This little room in the heart of the neonatal unit seems terrifying to begin with, but very quickly it becomes part and parcel of life. It becomes the room where so many conversations happen. The expressing room is necessity if you’re feeding your baby. That precious liquid is so important, and so is keeping up your supply. It’s not the type of thing that can be done once a day when you get home, it needs to be done every 2-3 hours, day and night, or else you walk around with a couple of rock-solid, tingling, throbbing, leaking bowling balls stuck out in front of you. (Believe me, if it goes over that allotted time- you know. Oh, how you know!) And those boobs may look appealing and fruitful at that moment, but touch, squeeze or accidentally knock and you take your life in your hands! You’ll either get slap across the chops or if you dare to squeeze you’ll get the same result of squeezing the flower on a clown’s lapel!
Other places on the unit, such as the parent’s room are a choice, somewhere you go to grab a quick sandwich, or have a quick coffee, or a quick phone-call. Quick. These moments are sometimes rushed, so very little conversation happens and as much as the doctors and nurses tell you to take time for yourself, the only place you want to be is by your baby’s side.
So the milking parlour, as it was affectionately known, was the place where most conversations happened. Where I was ever-so kindly offered a lift to Asda, (or ‘The Asda’ if you’re scouse) and where the plans were made to take me there; where we offered advice to each-other on expressing tips; where we checked in on how everyone was doing, how their babies were doing that day/hour/minute; where we shared our own incredible, individual stories; where there was mostly laughter, and very little crying (thank goodness, because hugging could be a little awkward!).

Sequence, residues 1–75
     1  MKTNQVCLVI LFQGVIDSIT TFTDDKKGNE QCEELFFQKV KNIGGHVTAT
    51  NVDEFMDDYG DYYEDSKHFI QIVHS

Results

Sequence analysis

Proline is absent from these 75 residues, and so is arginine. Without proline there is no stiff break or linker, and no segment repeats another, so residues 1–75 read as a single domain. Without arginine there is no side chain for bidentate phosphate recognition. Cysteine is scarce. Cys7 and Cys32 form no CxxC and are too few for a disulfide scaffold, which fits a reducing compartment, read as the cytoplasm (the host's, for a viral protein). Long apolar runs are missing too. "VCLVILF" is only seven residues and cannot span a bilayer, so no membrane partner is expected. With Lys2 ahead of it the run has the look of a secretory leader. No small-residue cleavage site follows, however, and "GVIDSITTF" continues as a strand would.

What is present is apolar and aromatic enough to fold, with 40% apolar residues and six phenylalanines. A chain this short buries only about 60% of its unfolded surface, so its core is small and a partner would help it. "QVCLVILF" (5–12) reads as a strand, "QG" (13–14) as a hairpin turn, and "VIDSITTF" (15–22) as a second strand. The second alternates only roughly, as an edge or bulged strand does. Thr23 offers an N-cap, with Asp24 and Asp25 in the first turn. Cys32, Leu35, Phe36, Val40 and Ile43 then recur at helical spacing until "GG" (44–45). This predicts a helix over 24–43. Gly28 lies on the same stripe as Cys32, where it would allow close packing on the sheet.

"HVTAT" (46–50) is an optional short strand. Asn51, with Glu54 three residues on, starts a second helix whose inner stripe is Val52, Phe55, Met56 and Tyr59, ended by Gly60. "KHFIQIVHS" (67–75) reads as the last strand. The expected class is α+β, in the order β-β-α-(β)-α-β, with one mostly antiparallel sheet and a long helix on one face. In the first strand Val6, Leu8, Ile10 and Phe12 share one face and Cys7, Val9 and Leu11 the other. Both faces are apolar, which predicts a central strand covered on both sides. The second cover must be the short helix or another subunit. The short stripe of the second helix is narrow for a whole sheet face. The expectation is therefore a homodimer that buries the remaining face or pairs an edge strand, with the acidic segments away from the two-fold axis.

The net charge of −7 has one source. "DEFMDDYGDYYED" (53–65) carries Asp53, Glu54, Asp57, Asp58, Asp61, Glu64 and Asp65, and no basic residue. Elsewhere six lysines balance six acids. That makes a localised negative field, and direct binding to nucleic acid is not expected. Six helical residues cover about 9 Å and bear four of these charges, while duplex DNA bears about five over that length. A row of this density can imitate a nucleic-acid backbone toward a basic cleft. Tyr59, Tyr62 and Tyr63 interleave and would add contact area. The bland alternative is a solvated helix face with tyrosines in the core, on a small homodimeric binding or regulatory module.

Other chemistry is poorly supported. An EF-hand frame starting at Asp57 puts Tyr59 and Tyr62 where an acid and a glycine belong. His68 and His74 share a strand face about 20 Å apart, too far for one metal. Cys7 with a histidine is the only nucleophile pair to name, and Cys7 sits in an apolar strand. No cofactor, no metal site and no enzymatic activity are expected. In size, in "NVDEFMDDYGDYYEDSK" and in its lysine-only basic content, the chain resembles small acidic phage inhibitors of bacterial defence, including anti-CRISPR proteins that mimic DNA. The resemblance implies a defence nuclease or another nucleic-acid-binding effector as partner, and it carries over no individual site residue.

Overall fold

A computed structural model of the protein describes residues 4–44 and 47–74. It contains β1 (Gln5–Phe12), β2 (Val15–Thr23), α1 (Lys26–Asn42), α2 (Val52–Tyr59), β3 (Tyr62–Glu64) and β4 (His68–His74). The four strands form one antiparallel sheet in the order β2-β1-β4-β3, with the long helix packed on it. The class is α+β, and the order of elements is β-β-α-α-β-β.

No-one in neonatal has ended up there without a story to tell, and the expressing room is where they were expressed!
I remember a lady who had her little girl at 23 weeks; she told me how she laboured fast and unfolded her baby to reveal she had a daughter after she caught her!
A lady had realised she was in labour, and as she didn’t have family close that could drive her to the hospital she phoned an ambulance
in the middle of the night and there wasn’t any available. She then phoned a taxi, getting more and more anxious. Time went by and in agony she phoned back to see where it was. They responded saying they thought she was drunk because she was so distressed but they would send another one! She was only 32 weeks.
One of the lovely ladies I met and became very friendly with had a little one who was born at 24 weeks. He was doing so well in neonatal. Tragically, his sister who was born a year previous didn’t survive. So this made him even more precious.